• Rotation=-270° (same)
      • Scale=50% (same)

Extra Credit: Animate Crop of Main Clip in the Viewer

  • Click at the end of the clip to set the Playhead
  • In the Viewer, activate Cropping and set a Keyframe
  • Activate the Timeline (⌘-2)
  • Set Playhead at 1second earlier (-1. > Enter); deselect clip first
  • Add a second Keyframe; leave it as is
  • Use the Next Keyframe button to go to the first Keyframe
  • Note: always use Keyframe arrows to navigate to be sure you are on a Keyframe
  • Note: always add Keyframe, then change parameter
  • Drag the top middle handle to the center of the Viewer
  • Drag the bottom middle handle to the center of the Viewer
  • Click the Preview button to play your animation
  • Click Done

Basic Color Correction in FCP X

posted Jan 19, 2012, 8:33 AM by Frank Maggi   [ updated Jan 24, 2012, 10:50 AM ]

Pretty good overview of the basics—from the Izzy tutorial page (lots of good stuff there)

Color Correcting in FCP X

There are 3 different approaches available for correcting color:
  •  Engage "Balance" if the clip has been analyzed; if not choose Clip > Reveal in Event Browser [⌘-] and then Contol-click on the Event version and choose Analyze and Fix
  • Match, where it attempts to get the same color balance as another clip of your choosing
  • Manual, where you have the most control and can target that control: 
    • Exposure
    • Saturation
    • Color
    • Each of those can be applied globally or just in the shadows, mids, or highlights
Use any or a combination of those techniques

Recommended Procedure for Manual Correction

  1. Show Video Scopes (Window > Show Video Scopes or ⌘-7)
  2. Set it to Waveform for measuring luminance values (light/dark).
  3. Fix Exposure
    1. Click on Exposure tab
    2. Move the Shadow slider until the darkest parts just hit "0"
    3. Move the Highlights slider until the brightest levels just hit 100
    4. Adjust the Midtone slider to taste
  4. Fix Color
    1. Click on the Color tab.
    2. Use the Global slider if it's obvious the image needs more/less of a certain color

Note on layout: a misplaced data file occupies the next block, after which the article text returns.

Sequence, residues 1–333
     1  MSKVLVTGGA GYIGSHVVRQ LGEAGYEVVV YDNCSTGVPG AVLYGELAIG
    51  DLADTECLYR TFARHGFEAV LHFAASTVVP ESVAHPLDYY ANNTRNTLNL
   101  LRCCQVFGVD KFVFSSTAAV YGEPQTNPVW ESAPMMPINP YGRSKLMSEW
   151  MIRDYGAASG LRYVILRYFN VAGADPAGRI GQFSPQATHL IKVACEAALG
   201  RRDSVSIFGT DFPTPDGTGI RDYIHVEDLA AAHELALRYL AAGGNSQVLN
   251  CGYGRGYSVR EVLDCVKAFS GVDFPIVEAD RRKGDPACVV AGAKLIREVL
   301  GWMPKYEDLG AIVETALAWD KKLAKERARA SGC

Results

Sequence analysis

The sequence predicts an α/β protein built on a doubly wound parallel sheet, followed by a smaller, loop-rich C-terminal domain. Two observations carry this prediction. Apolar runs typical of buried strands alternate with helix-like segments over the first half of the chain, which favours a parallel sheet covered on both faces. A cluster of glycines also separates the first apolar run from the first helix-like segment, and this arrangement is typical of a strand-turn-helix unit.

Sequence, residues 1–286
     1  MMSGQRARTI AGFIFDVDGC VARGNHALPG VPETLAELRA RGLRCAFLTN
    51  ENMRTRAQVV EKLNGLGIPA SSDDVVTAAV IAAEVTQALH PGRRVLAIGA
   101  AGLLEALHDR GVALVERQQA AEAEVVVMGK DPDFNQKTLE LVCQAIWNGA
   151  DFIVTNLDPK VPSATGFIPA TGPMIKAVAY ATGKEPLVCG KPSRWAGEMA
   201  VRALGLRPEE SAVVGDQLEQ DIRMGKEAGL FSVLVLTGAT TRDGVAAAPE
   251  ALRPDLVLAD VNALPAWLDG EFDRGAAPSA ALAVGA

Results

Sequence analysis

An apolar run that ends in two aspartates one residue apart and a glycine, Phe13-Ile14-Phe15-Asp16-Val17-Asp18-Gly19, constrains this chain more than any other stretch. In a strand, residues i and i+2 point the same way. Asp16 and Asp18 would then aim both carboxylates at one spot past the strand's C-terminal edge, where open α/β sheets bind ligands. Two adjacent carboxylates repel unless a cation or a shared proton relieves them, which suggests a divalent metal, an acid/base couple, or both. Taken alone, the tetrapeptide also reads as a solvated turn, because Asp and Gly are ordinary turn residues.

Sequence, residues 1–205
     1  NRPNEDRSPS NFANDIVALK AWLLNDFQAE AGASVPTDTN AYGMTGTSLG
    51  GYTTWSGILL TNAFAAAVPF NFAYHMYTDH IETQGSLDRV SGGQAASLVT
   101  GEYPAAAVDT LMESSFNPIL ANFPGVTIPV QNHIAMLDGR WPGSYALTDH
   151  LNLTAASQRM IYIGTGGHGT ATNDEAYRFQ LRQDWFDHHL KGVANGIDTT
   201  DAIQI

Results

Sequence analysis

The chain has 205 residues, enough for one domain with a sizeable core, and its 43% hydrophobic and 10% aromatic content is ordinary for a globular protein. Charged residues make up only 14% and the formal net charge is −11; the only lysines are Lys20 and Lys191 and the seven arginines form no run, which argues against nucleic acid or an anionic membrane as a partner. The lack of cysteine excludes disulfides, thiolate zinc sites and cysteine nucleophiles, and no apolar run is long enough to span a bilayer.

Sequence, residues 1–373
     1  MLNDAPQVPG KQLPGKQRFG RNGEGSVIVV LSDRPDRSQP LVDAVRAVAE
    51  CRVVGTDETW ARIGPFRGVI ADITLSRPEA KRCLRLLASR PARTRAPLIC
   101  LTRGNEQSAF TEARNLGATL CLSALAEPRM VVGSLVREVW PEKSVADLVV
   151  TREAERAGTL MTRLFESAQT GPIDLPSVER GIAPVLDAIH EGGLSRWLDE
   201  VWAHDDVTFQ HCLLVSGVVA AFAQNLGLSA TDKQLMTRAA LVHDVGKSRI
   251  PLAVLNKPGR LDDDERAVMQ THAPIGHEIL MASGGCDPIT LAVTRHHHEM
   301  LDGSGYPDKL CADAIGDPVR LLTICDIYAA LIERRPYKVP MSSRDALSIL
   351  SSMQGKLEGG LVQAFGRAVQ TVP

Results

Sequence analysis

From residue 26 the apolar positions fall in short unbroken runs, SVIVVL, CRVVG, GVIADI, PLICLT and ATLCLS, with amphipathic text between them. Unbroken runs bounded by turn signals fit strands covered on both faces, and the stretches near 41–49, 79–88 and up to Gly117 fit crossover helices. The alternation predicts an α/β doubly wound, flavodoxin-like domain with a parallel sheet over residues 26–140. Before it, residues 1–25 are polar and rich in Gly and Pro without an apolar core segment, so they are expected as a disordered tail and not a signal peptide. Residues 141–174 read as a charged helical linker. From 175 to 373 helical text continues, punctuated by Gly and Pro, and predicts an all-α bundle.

3. Move the Global slider to the color you want to increase/decrease
    4. Move the slider up/down in tiny increments by selecting the slider and then using Up and Down arrows to add/subtract that color. Often, just 2 or 3 clicks is enough. Don't overdo it.
    5. Alternatively, you have the option to use the Shadow, Midtone, and Highlight slider instead (any or all of them; often Midtones is the one you most need). This gives you more targeted control.
    6. If you want, change the Waveform scope to the Vectorscope to check
      1. Oversaturation (don't go beyond the Saturation Limit Boxes; see picture below; if necessary, you can fix in the Saturation tab)
      2. Skin Tones—the northwest dividing line represents skin tones for all humans. Tip: temporarily crop your image so only skin tones are present and then
  5. Fix Saturation
    1. Click on the Saturation tab.
    2. Again, you have a choice of using the Global slider or any/all of the Shadow, Midtone, and Highlight sliders. Or a combination (e.g. globally add blue to the image, but reduce the blue in just the shadows if it looks too strong).
    3. Also, a little goes a long way; use the Up/Down arrows to go in tiny steps to get what you like. Here, too, don't overdo it.
    4. If you want, change the Scopes to Vectorscope. Two important things:
      1. The saturation level for any color should never go beyond the Saturation Limit Boxes; usually it won't even be close
      2. Skin tones are important; they should always be along the northwest vector line, regardless of race or ethnicity. This is sometimes called the Skin Tone Reference Line. Tip: temporarily crop an image so that all (or most) of what's visible is skin. Check it against the skin tone vector.



Green Screen in FCP X

posted Jan 5, 2012, 12:57 PM by Frank Maggi   [ updated Jan 6, 2012, 12:50 PM ]

Green screening is a strong suit of FCP X. The built in keyer is robust and does a very good job. 

To apply a green screen effect, go to the Effects Browser, choose Keying and then the Keyer Effect. Simply drag that effect onto the clip you want to key. Usually, that's it. It does a terrific job without any help from you. But, unlike iMovie, you do have options, such as:
  •  You can put either the green screen clip or the background clip on the primary storyline; when you're ready, the missing clip is added above or below (yes, you can add clips under the primary storyline)